Background: Inpatient costs associated with different erythropoietic-stimulating therapy regimens have not been compared in an oncology setting.
Objective: To conduct a cost analysis of different regimens of epoetin alfa (EPO) and darbepoetin alfa (DARB) in an inpatient oncology setting.
Methods: A retrospective evaluation of oncology diagnosis-related group discharges during 2003, in 30 community hospitals, identified EPO treatment patterns. Wholesale acquisition costs were determined for patients who received EPO 40,000 units or more once weekly. Potential differences in costs were calculated using conversion ratios for an equivalent EPO dose 3 times weekly or DARB dose once weekly (EPO:DARB ratio 260:1, approximating DARB 150 microg once weekly). A sensitivity analysis was performed using an EPO:DARB ratio of 400:1, approximating DARB 100 microg once weekly (1.5 microg/kg).
Results: Among the 1410 EPO doses administered (n = 677 pts.), a dose of 40,000 units or more was used 44% of the time (n = 311 pts.), with dosing initiated on average 5.6 days after admission. For these 311 evaluable patients, switching from EPO 40,000 units once weekly to EPO 10,000 units 3 times weekly reduced per-patient and total drug acquisition costs by approximately 50% (704 US dollars vs 359 US dollars and 218,938 US dollars vs 111,615 US dollars, respectively). Relative to EPO once weekly, switching patients to DARB resulted in increased drug acquisition costs at the 260:1 conversion and lower costs at the 400:1 conversion. However, EPO 3 times weekly remained the least costly option by 44-63%. The cost-savings realized with EPO 10,000 units 3 times weekly increased with longer duration of hospitalization.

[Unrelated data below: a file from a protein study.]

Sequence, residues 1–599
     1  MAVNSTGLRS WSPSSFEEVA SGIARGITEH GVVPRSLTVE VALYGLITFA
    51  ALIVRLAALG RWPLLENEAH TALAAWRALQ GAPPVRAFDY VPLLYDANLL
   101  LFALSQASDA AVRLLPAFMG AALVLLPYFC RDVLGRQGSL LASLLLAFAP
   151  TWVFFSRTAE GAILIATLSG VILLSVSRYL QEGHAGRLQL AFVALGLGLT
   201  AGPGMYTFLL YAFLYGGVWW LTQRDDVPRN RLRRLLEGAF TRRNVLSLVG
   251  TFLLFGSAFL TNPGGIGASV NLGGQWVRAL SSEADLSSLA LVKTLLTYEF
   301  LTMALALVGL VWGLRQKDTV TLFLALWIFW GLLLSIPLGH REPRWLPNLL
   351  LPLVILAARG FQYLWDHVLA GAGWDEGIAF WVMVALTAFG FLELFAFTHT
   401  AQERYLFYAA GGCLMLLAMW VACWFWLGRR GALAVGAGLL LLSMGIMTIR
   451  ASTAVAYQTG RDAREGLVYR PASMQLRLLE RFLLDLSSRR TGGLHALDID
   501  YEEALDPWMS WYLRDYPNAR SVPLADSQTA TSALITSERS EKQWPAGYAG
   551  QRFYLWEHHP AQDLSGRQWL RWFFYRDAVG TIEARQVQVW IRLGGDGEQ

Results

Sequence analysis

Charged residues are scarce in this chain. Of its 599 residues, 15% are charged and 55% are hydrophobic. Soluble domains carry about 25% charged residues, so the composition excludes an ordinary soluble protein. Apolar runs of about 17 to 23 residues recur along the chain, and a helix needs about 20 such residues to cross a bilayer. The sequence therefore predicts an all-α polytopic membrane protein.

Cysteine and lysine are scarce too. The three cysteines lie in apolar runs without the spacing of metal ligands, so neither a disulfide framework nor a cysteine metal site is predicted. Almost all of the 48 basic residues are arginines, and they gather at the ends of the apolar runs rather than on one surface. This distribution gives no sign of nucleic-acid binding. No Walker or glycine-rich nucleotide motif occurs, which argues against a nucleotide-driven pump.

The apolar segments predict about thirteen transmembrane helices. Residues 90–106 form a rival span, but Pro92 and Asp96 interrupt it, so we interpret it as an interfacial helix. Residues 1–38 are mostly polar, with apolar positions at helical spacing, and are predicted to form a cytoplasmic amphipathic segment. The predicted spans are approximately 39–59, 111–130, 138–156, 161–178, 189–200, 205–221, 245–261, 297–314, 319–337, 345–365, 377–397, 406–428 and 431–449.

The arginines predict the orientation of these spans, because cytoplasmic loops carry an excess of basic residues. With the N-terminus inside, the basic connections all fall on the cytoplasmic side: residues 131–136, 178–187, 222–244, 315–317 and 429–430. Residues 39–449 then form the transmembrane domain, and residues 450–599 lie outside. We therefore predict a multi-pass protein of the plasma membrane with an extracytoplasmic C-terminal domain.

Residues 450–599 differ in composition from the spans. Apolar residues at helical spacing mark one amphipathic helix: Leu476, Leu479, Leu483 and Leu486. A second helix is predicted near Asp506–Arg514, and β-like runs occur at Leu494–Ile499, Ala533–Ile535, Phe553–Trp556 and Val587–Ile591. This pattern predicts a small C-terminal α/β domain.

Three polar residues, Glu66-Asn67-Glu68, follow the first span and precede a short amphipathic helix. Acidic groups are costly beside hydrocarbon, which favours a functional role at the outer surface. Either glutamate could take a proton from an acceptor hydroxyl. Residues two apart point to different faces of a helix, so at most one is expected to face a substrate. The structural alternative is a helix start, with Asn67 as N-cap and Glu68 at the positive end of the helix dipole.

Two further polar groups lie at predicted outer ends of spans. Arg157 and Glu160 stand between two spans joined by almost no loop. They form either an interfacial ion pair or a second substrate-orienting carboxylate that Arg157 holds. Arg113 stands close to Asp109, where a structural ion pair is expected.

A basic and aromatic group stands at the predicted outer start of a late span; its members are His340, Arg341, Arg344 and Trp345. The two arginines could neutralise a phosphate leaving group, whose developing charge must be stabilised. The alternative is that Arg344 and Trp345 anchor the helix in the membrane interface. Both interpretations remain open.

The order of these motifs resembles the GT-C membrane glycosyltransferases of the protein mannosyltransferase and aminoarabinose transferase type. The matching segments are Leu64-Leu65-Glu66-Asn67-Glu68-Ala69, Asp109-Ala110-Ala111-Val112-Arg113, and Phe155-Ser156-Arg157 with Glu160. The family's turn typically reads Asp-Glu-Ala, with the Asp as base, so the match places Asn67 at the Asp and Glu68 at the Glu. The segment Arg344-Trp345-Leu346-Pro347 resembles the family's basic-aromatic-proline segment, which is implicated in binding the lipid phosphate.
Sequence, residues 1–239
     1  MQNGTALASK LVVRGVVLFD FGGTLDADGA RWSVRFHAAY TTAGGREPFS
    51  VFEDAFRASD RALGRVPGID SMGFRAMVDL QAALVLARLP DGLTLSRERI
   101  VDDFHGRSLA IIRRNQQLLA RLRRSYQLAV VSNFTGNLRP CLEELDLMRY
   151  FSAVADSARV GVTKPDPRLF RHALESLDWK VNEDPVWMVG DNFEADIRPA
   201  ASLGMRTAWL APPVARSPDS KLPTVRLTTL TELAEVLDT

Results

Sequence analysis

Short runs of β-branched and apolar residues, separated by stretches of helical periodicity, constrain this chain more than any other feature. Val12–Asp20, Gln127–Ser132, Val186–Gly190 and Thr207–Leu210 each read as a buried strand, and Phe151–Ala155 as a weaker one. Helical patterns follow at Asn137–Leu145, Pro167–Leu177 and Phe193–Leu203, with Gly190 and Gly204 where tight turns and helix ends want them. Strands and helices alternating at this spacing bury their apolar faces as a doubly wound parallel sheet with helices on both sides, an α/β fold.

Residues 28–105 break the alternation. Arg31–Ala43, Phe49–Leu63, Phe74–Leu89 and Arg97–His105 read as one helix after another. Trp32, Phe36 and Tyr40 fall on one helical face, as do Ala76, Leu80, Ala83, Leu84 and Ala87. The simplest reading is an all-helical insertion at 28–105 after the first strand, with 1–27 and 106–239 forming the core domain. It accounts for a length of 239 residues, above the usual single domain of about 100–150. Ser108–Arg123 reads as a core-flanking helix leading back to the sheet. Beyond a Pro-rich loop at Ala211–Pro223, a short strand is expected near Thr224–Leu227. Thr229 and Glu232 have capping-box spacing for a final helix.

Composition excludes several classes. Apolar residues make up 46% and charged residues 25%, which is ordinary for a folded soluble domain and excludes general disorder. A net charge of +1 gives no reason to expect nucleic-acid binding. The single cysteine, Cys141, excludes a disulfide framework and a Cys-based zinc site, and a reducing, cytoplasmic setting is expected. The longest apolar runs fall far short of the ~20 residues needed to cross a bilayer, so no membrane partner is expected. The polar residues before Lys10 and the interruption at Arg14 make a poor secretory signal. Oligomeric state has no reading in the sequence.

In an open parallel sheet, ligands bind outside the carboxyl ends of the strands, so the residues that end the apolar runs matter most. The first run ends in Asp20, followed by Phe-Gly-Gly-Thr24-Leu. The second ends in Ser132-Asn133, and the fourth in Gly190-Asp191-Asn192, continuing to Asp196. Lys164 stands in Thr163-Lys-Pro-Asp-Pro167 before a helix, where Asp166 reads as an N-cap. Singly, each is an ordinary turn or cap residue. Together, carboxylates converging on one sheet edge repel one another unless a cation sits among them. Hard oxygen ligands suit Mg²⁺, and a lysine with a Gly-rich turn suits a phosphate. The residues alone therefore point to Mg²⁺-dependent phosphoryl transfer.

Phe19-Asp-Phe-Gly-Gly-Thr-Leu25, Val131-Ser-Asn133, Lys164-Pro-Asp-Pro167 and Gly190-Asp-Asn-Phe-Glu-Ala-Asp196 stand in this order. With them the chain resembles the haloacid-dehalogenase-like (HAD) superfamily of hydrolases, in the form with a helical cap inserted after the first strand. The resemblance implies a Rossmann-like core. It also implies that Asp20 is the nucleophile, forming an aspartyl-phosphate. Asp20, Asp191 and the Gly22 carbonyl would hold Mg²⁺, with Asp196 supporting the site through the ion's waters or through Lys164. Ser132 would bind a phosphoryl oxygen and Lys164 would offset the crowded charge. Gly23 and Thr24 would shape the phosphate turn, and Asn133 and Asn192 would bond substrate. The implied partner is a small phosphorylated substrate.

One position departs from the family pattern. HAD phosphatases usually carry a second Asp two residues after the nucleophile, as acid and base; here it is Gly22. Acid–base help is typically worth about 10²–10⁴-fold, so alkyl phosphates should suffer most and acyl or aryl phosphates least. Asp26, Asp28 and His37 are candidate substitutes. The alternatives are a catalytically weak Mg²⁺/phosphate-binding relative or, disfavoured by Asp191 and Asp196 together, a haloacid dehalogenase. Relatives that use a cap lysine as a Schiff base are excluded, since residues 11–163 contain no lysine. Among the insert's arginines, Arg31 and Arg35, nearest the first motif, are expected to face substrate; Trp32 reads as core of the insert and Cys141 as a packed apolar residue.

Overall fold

Conclusions: In an inpatient setting, use of EPO 10,000 units 3 times weekly may minimize expenditures associated with treatment of cancer-related anemia using erythropoietic-stimulating therapies.